In an insightful message posted on July 5th 2003, n° 459,
Pavel Iosad argues for the existence of two kinds of phonological boundaries in
Sindarin, with consequence on the theory of mutation. His theory arose from the
apparent contradiction in a word-group between mutations on the one hand, that
suggests that it was treated as a unitary word, and vowel-apocope on the other hand,
that suggests that the words were kept separate. Pavel then introduces two distinct
phonological units: the *phonological phrase* and the *phonological word*, which
allow us to remove the apparent discrepancy by considering mutation as a
*phrase-property* and apocope as a *word-property*.
Now this theory would explain neatly several points in the evolution of
Sindarin. Pavel already showed that it allows _b_ from *_mb_ to be lenited into
_mb_ such as _i[-]mbas_ "the bread" (VT44:21, 27-8) despite _mb_ > _m(m)_
medially. I would like to discuss some other points further.
THE LOSS OF FINAL VOWELS
Commenting on the loss of final vowels, Pavel examines several possibilities and
rejects internal syncope:
> Well, we don't know a lot about the pre-history of Sindarin stress, but I
> still think the Sindarin syncope patterns could hardly produce a number of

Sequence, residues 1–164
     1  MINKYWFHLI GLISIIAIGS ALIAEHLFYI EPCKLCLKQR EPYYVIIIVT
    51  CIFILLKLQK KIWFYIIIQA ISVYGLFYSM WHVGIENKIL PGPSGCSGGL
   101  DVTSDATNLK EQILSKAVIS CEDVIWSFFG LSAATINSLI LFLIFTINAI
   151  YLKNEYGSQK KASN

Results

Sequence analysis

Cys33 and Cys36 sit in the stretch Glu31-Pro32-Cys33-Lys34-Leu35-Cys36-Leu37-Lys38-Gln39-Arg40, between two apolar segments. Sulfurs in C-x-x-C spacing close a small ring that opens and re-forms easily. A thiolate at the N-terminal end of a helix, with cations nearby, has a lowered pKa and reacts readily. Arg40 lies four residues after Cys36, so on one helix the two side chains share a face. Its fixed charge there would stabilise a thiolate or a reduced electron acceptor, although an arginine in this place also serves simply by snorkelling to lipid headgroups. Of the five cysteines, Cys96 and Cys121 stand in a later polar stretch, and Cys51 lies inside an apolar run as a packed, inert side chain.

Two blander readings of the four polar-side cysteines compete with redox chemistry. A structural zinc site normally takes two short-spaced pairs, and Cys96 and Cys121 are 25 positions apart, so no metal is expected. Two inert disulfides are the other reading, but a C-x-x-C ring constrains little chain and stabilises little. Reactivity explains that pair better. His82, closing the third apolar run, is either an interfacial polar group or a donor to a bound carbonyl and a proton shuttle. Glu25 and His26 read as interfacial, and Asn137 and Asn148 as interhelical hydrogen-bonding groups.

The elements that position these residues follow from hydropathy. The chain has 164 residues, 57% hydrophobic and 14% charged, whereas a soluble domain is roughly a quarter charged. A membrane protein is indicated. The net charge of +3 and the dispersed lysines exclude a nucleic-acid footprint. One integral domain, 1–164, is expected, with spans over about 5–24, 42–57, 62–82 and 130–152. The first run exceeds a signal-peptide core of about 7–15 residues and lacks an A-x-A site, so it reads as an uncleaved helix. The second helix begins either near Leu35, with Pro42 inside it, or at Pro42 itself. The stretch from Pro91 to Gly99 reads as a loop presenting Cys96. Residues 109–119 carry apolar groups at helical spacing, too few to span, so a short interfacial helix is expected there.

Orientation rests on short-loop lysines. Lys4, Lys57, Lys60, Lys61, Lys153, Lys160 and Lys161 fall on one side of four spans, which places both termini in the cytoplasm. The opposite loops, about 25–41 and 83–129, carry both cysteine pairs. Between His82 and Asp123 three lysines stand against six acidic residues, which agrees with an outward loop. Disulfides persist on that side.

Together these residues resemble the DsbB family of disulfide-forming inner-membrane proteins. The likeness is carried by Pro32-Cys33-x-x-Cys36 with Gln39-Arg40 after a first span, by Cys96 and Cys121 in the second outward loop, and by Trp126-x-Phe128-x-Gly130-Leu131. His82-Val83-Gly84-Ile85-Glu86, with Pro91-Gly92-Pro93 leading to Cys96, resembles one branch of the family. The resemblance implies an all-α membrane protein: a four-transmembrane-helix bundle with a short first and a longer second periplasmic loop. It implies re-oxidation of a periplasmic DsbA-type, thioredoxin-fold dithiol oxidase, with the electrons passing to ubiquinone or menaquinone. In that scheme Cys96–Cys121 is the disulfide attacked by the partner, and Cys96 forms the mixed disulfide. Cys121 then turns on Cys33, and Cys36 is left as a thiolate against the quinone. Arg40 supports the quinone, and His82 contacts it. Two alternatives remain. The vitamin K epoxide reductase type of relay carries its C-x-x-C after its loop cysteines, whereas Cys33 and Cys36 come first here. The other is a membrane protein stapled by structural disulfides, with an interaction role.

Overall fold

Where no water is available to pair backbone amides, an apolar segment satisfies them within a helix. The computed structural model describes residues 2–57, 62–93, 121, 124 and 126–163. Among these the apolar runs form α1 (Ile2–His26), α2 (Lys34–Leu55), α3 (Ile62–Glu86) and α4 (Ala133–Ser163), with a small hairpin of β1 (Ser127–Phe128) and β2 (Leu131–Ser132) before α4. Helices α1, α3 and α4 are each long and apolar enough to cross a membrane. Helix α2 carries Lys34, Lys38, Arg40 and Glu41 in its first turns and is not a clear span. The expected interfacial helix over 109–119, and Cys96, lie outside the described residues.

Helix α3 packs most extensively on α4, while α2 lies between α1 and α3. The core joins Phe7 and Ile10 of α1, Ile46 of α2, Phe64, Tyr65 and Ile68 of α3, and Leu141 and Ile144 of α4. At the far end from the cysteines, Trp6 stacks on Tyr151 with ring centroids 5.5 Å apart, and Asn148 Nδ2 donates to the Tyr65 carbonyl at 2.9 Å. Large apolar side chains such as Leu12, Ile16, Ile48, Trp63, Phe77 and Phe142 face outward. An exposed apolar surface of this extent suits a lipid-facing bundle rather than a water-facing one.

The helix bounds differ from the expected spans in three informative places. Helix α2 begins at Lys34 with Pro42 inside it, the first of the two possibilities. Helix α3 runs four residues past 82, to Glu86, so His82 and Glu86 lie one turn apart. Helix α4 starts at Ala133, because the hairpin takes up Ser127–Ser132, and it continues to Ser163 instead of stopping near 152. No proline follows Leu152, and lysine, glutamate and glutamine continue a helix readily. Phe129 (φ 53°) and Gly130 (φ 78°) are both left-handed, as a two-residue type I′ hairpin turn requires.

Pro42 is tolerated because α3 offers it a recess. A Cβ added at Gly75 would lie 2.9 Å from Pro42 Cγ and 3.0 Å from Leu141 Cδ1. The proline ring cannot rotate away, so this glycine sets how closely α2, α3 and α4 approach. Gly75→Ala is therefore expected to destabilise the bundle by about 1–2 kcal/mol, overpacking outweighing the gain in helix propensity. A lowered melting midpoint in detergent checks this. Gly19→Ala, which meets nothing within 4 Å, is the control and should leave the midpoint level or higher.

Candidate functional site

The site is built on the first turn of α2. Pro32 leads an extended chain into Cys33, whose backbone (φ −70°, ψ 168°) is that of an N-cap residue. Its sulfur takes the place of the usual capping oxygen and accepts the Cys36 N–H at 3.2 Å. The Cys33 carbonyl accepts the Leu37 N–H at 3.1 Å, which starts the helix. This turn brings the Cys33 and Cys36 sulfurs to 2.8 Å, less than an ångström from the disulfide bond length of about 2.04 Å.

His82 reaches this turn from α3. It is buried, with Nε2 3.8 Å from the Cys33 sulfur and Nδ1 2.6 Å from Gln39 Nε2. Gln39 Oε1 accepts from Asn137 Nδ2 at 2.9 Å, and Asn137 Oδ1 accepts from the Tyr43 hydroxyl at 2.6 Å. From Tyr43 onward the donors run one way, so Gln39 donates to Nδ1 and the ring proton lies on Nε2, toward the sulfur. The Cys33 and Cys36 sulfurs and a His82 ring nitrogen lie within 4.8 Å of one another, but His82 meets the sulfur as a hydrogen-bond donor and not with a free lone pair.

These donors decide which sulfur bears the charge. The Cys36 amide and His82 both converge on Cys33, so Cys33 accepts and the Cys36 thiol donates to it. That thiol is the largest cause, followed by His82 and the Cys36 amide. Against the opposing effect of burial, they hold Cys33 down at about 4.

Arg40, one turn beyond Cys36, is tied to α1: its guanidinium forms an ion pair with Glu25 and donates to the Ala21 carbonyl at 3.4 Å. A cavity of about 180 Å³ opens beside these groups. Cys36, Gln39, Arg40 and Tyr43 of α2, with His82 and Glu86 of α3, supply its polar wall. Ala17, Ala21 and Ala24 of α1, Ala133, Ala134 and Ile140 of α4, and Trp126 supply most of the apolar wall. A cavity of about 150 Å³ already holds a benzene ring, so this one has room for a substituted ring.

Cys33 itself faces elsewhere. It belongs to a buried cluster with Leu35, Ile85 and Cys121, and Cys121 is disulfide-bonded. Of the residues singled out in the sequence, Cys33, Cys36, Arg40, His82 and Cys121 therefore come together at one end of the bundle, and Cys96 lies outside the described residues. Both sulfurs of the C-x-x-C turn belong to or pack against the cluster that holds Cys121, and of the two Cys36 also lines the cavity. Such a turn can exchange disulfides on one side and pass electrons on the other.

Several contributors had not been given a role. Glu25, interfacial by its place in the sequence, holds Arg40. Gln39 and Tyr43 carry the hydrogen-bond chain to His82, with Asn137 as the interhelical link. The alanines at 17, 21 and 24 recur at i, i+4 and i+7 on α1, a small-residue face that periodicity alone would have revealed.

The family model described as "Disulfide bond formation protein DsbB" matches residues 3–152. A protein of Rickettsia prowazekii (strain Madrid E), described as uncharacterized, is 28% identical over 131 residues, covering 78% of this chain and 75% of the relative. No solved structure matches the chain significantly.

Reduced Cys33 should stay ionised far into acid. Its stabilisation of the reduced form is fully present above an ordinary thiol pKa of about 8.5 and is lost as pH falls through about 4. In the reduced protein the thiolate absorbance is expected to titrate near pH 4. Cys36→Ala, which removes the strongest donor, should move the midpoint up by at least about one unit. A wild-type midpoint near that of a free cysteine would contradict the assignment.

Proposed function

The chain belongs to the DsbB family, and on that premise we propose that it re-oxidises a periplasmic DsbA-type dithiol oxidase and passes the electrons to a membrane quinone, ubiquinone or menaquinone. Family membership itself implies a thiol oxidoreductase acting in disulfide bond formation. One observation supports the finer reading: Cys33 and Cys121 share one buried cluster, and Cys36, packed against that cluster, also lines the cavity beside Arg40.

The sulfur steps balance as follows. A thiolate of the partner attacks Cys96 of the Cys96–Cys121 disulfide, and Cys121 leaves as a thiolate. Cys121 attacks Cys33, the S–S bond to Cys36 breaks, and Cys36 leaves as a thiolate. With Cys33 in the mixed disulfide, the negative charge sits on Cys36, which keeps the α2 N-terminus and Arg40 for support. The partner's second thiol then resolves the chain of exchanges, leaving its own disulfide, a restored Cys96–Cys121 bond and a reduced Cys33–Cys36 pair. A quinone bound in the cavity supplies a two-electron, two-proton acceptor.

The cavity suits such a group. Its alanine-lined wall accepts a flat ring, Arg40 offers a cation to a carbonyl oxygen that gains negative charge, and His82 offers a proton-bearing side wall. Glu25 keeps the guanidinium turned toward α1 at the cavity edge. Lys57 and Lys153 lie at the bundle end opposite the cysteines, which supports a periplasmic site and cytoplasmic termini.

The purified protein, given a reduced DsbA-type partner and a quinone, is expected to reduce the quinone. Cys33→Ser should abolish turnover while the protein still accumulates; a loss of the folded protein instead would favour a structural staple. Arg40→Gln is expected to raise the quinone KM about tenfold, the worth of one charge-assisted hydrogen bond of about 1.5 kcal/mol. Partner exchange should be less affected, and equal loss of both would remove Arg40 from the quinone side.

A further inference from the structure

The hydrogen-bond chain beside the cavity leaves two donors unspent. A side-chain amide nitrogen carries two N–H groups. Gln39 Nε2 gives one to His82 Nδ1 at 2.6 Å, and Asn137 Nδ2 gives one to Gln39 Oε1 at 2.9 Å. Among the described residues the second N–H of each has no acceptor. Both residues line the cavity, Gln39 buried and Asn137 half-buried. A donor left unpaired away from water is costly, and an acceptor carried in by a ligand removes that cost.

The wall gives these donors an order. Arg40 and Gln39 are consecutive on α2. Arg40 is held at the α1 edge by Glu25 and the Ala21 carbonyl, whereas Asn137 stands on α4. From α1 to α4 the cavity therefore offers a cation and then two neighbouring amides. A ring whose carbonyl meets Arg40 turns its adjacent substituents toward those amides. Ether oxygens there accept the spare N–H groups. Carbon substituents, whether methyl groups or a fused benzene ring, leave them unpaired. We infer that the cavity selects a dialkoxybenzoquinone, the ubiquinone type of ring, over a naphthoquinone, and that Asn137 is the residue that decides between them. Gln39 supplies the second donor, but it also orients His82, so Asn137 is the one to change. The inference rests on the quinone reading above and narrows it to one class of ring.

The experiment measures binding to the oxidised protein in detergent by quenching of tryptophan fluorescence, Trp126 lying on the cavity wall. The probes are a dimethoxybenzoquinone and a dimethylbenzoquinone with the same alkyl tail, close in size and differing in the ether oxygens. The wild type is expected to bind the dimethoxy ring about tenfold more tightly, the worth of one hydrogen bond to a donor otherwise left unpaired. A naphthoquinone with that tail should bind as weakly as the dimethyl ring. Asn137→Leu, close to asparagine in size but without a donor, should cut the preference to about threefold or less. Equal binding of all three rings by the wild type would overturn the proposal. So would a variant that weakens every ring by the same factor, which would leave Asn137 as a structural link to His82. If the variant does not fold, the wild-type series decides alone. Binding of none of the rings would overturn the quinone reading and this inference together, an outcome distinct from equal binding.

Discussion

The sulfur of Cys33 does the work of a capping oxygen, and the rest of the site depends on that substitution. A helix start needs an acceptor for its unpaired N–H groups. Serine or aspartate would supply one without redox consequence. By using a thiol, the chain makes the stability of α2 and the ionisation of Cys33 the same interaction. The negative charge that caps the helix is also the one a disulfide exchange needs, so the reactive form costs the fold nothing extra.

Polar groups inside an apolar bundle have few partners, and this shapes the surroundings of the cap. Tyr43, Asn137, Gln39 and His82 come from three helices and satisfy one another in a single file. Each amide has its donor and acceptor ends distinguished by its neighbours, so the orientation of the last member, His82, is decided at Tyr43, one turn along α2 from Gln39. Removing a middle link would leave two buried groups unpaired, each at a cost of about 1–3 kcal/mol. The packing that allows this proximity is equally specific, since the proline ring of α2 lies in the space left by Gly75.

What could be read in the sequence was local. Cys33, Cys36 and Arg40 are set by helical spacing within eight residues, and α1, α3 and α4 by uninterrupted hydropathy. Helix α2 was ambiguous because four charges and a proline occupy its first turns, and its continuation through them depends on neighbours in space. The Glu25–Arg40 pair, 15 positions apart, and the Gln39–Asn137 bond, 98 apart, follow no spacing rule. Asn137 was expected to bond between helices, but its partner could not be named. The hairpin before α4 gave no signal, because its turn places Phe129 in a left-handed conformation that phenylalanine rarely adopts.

> these lost vowels. First, Sindarin, or rather Noldorin (since most words with
> Tolkienian proto-forms come from the Etymologies), syncope tends to affect first
> vowels in two adjacent syllables (as in Noldorin *_tarasta_ > _trasta_ (V:391
> s.v. TARAS)), or composition vowels in compounds. Thus I wouldn't expect too
> many cases of this vowel disappearing to trigger analogy.
I do not think this kind of syncope can be involved at all, for it seems much
earlier to me, since this Noldorin syncope is also seen in Telerin and
Ilkorin, though not in Quenya. In Tolkien's later linguistic scenario it could be
regarded as a Common Telerin change. For instance we have from the root BARÁD
_*b'randâ_ "lofty, noble, fine" > N _brand, brann_ from ON _branda_, T _branda_;
(V:351), from TURÚM: _*turumbê_ "shield" > T _trumbe_, no N descendant (V:395).
It may be noted however that there are hints of another kind of internal
syncope in long words. The most conspicuous is the alternation _Narog_ /
_Nargothrond_, and there is also _Elbereth_ < _elmbereth_ < *_elen-barathi (X:387).
However, it is not necessarily contemporaneous with apocope.
> Anyway, I put rather more faith into the "word-final" explanation. It gives
> us however, an apparent contradiction - on the one hand, the final vowel of
> the proclitic is subject to "word-final" processes, on the other hand, the
> mutation is triggered in seeming accordance with "word-internal" rules. Now what I
> am about to suggest is that mutation in Sindarin operates on the phrasal
> level, while vowel dropping is a word property.
I agree, and would like to define more clearly the units that suffer apocope.
"Word" is not satisfying (not to mention that this notion is hard to define